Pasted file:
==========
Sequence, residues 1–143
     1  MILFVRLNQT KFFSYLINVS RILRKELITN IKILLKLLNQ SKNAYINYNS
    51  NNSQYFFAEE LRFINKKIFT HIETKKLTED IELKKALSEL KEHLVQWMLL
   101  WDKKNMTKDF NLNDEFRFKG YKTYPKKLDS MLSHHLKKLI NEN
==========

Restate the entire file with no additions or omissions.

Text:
Sequence, residues 1–143
     1  MILFVRLNQT KFFSYLINVS RILRKELITN IKILLKLLNQ SKNAYINYNS
    51  NNSQYFFAEE LRFINKKIFT HIETKKLTED IELKKALSEL KEHLVQWMLL
   101  WDKKNMTKDF NLNDEFRFKG YKTYPKKLDS MLSHHLKKLI NEN